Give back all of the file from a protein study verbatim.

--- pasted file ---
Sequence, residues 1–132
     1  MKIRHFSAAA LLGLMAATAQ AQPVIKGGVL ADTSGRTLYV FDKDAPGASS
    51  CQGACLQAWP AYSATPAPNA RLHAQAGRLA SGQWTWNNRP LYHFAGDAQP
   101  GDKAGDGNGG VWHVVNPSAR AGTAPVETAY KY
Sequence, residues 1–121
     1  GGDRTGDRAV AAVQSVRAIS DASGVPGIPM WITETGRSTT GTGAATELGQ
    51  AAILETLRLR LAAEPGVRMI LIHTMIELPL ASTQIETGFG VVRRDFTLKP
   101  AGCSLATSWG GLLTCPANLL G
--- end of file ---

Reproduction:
Sequence, residues 1–132
     1  MKIRHFSAAA LLGLMAATAQ AQPVIKGGVL ADTSGRTLYV FDKDAPGASS
    51  CQGACLQAWP AYSATPAPNA RLHAQAGRLA SGQWTWNNRP LYHFAGDAQP
   101  GDKAGDGNGG VWHVVNPSAR AGTAPVETAY KY
Sequence, residues 1–121
     1  GGDRTGDRAV AAVQSVRAIS DASGVPGIPM WITETGRSTT GTGAATELGQ
    51  AAILETLRLR LAAEPGVRMI LIHTMIELPL ASTQIETGFG VVRRDFTLKP
   101  AGCSLATSWG GLLTCPANLL G